choose whatever encoding it likes for its Object IDs. (Object IDs
    in stringified form need not be moved across address spaces (or,
    at least, not across ORB boundaries), so having a proprietary
    encoding is perfectly OK.)

  • Reported: CPP 1.1 — Fri, 19 Jul 2002 04:00 GMT
  • Updated: Fri, 6 Mar 2015 20:58 GMT

Prohibit extracting from any into _out type?

  • Key: CPP13-61
  • Legacy Issue Number: 5440
  • Status: open  
  • Source: Floorboard Software ( Jonathan Biggar)
  • Summary:

    Just as we prohibited direct extraction from any any into a _var type
    due to the perils of memory management problems, we ought to prohibit
    extracting into _out types of variable sized structured types for the
    same reason

  • Reported: CPP 1.1 — Tue, 25 Jun 2002 04:00 GMT
  • Updated: Fri, 6 Mar 2015 20:58 GMT

Add set of typedefs that would facilitate template programming

  • Key: CPP13-60
  • Legacy Issue Number: 4797
  • Status: open  
  • Source: Memorial University of Newfoundland ( Jeffrey Parsons)
  • Summary:

    The addition amounts to a set of typedefs that would facilitate template
    programming, added to each C++ skeleton class created for an IDL interface,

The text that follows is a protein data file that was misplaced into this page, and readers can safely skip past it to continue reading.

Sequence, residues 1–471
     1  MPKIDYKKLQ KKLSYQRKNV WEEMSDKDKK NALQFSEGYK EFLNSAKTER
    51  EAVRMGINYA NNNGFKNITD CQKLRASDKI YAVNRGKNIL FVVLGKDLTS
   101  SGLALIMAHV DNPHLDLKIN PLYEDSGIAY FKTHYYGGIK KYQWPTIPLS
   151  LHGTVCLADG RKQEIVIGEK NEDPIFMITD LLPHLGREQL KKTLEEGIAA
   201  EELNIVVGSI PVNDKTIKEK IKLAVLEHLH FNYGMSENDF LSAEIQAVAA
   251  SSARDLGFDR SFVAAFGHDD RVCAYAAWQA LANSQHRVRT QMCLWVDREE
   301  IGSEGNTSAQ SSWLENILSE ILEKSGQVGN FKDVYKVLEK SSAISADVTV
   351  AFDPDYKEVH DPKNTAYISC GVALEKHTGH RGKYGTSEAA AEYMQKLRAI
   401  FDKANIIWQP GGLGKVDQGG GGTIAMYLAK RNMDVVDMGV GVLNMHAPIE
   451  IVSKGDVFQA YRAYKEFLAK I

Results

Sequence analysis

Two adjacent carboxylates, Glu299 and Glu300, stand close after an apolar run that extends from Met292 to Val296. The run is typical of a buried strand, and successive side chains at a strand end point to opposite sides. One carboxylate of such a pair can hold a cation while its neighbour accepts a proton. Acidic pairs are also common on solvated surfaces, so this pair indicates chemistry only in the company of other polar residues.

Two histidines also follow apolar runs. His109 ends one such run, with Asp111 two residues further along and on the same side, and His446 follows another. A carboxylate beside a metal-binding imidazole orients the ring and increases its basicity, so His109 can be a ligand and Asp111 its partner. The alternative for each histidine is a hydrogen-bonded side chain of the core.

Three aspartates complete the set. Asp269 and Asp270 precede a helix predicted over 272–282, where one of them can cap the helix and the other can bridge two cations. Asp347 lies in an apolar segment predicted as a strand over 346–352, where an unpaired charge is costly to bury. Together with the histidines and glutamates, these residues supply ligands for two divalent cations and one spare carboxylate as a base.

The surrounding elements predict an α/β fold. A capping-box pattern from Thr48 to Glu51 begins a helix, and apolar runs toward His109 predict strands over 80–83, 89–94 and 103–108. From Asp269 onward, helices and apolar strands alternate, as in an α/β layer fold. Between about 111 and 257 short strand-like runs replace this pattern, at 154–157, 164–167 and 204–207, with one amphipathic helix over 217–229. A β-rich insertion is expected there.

and analogous to the typedefs that already exist in the mapping for the stub
    side. Say we have an IDL file

    module foo
    {
    interface bar {};
    };

    Then in generated code we're talking about something like:

    namespace POA_foo
    {
    class bar

    { public: typedef foo::bar _stub_type; typedef foo::bar_ptr _stub_ptr_type; typedef foo::bar_var _stub_var_type; . . . }

    ;
    };

  • Reported: CPP 1.1 — Fri, 28 Dec 2001 05:00 GMT
  • Updated: Fri, 6 Mar 2015 20:58 GMT

UTF-8 and IDL character types in C++

  • Key: CPP13-59
  • Legacy Issue Number: 4539
  • Status: open  
  • Source: AdNovum Informatik ( Stefan Wengi)
  • Summary:

    implementing support for wchar/wstring I ran into some potential
    problems with the UTF-8 encoding for the IDL 'char' type.

    Lets suppose we have a C++ server with a native single-byte code set
    like ISO 8859-1.
    The Code Set Conversion specification states that UTF-8 is the fallback
    code set for 'char'.
    -> a client could decide to send characters in UTF-8 encoding.

    What happens on the server side with UTF-8 encoded characters that use
    more than 1 byte and thus don't fit into the single byte character as
    specified by the C++ mapping for IDL type 'char'?

  • Reported: CPP 1.1 — Wed, 29 Aug 2001 04:00 GMT
  • Updated: Fri, 6 Mar 2015 20:58 GMT

Fixed and truncation/rounding?

  • Key: CPP13-58
  • Legacy Issue Number: 4533
  • Status: open  
  • Source: Triodia Technologies Pty Ltd ( Michi Henning)
  • Summary:

    Suppose we have:

    typedef fixed<4,3> FT;

    interface I

    { FT op(); }

    ;

    Suppose the server does:

    FT
    I_impl::
    op() throw(CORBA::SystemException)

    { double d = 1.0/3.0; return CORBA::Fixed(d); }

    There are lots more digits in the return value than what is expected by the
    client. What should be returned to the client. The rounded value? The
    truncated value?